According to an article in INC magazine, "The report found that on average, only about 50 percent of sales reps made their quota, and more than 42 percent of companies reported that less than 50 percent of reps were meeting or exceeding their quota." Feedback I received on this is that the quota is too high. Well, if half the folks can meet quota, is it really too high?
One thing that few understand about quota is that it isn't about being an arbitrary number set by upper management to meet Wall Street numbers. Sales quota should be set during performance reviews via an agreement between the salesperson and management. Why?
If the salesperson thinks the quota is unattainable it becomes negative motivation. As in Goal Setting [see PPT here], the quota should be just outside the comfort zone that the salesperson has to stretch to reach it. Really, you want the salesperson to have to stand on his experience, like a pile of books, to reach quota. Growth only comes when one is uncomfortable.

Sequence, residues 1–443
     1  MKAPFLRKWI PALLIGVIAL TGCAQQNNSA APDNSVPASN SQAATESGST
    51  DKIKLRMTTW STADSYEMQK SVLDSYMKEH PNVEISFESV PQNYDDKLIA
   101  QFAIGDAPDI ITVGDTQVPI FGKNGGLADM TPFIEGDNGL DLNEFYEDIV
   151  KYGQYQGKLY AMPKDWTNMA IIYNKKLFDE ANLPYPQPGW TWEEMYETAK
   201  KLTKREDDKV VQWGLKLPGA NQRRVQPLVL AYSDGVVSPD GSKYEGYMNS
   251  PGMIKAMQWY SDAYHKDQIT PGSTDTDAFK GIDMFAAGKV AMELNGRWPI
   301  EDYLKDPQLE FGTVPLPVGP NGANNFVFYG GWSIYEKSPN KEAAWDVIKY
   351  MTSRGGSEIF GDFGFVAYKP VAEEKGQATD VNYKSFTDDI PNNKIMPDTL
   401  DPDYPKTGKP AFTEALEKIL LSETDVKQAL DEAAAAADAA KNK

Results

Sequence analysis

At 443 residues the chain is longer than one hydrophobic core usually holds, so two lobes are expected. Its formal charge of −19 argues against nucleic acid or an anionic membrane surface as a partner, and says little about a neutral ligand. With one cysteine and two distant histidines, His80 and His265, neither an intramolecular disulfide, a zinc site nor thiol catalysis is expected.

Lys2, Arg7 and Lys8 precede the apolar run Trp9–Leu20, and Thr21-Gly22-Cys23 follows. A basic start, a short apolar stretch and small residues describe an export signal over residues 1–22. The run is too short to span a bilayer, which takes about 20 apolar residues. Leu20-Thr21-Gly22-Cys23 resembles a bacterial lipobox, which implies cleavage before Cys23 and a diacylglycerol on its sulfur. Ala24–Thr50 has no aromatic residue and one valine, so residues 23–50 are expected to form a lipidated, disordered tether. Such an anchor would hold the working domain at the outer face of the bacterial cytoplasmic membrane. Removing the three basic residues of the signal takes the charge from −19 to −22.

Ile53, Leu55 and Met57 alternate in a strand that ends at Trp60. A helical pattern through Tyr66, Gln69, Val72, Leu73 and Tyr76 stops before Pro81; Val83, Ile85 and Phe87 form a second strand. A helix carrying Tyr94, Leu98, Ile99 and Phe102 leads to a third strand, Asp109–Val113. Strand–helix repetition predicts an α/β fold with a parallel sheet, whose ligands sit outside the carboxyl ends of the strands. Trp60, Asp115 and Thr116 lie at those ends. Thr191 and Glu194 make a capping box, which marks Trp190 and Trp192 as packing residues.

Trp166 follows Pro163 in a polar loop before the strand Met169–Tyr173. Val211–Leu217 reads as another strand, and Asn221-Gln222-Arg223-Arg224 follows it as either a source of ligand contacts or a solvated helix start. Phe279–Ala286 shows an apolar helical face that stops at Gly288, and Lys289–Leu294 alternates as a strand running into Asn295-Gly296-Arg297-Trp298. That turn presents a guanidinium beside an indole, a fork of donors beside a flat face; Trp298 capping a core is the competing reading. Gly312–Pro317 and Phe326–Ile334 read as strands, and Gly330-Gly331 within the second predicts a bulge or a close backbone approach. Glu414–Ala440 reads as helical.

The other side of the coin on quota is that just looking at results isn't helpful. Last night, the Lightning lost Game 2 against the Bruins. If the coach just looked at the score, how does he know what to tweak, fix, improve, work on to get a better result in the next game? Same thing with sales.
It isn't about results (quota), it's about the daily activities and effort that the salesperson is putting forth to attain quota. It's about habits. It's about follow up, prospecting, needs analysis, referrals, networking, and the rest.
The thing that drives me crazy is when salespeople say, "Don't bother me. It's the end of the month." So? "I have quota to meet!" Oh. So you wait till the 30th to worry about it? Why can't you hit quota by the 20th?
That's the nice thing about being an agent with no direct contracts: No quotas. The quota is "How much do I want to make this month?" How am I going to do that? By daily sales and marketing activities and giving value first to my clients and prospects.